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What Should I Put Down Before Mulching?

    What Should I Put Down Before Mulching?

    Mulching your garden may appear straightforward; all it requires is shoveling, dumping, and spreading. But for optimal results, there are some steps you should take prior to and post-spreading that may make all the difference in success.

    Start by clearing away any weeds. Next, use an edging tool to cut a clean edge between your garden bed and lawn. Finally, clear away leaves, debris, and old mulch before placing new mulch down.


    Mulch can smother small, young weeds and prevent new ones from sprouting, but it won’t do much against established ones. Therefore, spray these with nonselective chemical weed killers for 1 or 2 weeks before mulching to kill off weeds before the mulch takes effect.

    Target a layer of organic mulch three to four inches thick around each plant or tree for maximum water conservation, stable temperatures in your soil, weed suppression without harming its roots, and root protection.

    Do not use plastic sheeting or any impermeable fabric as mulch, as this prevents rainwater, airflow, and nutrients from reaching the soil. Furthermore, wood mulch near home sidings could trap excess moisture, inviting termites to build their nests.


    Mulch can do wonders for your garden, including shading roots on hot days, keeping moisture from evaporating, and controlling weeds. Furthermore, organic mulches made with decomposing material, such as bark or compost, work well. In contrast, plastic sheeting (including landscape fabric and rubber mulches) should not be used since these prevent rainwater, air, and nutrients from reaching the soil.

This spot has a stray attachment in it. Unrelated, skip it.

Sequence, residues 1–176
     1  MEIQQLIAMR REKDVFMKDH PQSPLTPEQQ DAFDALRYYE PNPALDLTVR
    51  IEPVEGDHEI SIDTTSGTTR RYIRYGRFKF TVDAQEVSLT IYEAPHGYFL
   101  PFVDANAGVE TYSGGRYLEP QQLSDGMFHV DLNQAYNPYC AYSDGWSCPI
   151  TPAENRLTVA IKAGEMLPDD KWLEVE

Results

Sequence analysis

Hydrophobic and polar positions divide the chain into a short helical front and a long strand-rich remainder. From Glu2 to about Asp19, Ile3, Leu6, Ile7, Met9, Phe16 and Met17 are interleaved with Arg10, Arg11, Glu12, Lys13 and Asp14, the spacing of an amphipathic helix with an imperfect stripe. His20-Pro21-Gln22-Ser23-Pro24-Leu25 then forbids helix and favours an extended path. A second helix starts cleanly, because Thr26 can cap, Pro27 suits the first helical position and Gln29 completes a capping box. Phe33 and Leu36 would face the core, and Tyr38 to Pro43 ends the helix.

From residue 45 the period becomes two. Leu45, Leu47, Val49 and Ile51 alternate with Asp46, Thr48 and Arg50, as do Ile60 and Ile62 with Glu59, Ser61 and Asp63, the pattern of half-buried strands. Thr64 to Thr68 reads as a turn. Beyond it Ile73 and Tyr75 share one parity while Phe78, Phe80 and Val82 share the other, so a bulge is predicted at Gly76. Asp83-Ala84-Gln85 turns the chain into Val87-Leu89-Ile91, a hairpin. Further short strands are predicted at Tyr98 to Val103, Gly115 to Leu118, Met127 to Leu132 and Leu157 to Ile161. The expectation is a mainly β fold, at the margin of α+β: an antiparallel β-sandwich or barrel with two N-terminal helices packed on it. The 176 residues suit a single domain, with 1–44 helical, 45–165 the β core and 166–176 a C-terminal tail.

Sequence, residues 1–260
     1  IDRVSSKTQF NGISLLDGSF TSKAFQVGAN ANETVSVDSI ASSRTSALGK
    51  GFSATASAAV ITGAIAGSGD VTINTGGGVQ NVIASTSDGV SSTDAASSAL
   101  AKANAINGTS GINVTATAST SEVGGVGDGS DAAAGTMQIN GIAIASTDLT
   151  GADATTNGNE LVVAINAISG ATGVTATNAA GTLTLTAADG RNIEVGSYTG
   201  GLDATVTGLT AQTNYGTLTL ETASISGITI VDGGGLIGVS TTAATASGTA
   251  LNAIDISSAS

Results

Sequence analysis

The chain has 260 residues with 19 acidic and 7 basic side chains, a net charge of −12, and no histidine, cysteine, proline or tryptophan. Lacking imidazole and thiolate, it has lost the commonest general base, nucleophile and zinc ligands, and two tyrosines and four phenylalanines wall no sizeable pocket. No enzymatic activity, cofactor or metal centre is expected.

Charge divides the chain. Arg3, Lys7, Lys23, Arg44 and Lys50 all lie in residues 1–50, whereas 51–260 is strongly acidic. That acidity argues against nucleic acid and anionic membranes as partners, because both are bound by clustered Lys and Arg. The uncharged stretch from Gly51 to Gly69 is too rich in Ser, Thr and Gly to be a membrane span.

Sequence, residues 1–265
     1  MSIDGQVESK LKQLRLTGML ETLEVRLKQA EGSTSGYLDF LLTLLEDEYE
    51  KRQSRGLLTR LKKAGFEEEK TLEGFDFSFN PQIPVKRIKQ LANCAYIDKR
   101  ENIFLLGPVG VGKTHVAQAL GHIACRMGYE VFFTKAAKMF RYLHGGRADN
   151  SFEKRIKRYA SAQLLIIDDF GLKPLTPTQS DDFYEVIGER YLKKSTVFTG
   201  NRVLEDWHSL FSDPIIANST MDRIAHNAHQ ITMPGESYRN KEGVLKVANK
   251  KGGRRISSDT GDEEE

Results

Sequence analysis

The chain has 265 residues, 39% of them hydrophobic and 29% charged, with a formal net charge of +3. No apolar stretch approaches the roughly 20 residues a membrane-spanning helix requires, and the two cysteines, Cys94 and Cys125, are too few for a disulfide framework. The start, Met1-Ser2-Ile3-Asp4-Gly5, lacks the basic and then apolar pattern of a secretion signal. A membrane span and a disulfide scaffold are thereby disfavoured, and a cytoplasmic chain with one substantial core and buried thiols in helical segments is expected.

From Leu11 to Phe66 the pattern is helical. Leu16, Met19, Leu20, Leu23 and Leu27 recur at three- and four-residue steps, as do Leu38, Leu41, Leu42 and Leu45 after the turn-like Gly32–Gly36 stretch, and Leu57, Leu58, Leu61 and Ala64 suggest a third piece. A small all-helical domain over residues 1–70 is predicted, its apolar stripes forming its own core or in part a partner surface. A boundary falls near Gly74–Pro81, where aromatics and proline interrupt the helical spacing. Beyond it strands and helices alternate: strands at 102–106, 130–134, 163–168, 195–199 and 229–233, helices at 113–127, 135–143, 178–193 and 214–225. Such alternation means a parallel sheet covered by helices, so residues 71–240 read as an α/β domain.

Before applying mulch, first clear away any large weeds and debris. After that, prepare the bed by raking up any remaining residue or twigs, loosening compacted mulch using a rototiller, hand cultivator, or rototiller and loosening any compacted areas using a rototiller or cultivator and pulling any weeds that have come through from beneath layers of mulch. Finally, watering the beds may help seal in moisture and remove any weeds that have come through from germinating; this may also provide an opportunity to apply an anti-emergent such as Preen pre-emergent weed killer, preventing any new growth before it even happens!


    Mulch is an effective way to maintain moisture in soil. But, to ensure its effectiveness, be mindful to cover only a small area; four inches or more should protect small weeds but not prevent water and nutrients from reaching plants beneath.

    Baka recommends using organic or inorganic mulches such as shredded bark, compost, or hay as part of your landscaping design plan. Biodegradable organic mulches offer numerous nutrients to the soil, while inorganic stones like stone can block weeds but do not offer anything in return.

    Be wary of using plastic sheeting or landscape fabric under your mulch, as this prevents natural rainfall and airflow into the soil, leading to depleted nutrients and potentially compacted conditions. Plastics also leach chemicals that contaminate it further, while piling mulch against plant stems or tree trunks may attract pests and cause disease outbreaks.


    In conclusion, soil preparation before mulching is vital for a thriving garden. Utilize organic matter, weed barriers, and proper spacing to enhance moisture retention and promote plant health.

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